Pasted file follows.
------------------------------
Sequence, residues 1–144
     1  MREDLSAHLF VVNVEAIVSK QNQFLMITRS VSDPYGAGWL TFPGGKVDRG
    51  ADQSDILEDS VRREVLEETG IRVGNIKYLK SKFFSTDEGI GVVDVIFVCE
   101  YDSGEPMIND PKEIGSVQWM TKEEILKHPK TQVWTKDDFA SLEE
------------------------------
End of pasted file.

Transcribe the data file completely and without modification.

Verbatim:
Sequence, residues 1–144
     1  MREDLSAHLF VVNVEAIVSK QNQFLMITRS VSDPYGAGWL TFPGGKVDRG
    51  ADQSDILEDS VRREVLEETG IRVGNIKYLK SKFFSTDEGI GVVDVIFVCE
   101  YDSGEPMIND PKEIGSVQWM TKEEILKHPK TQVWTKDDFA SLEE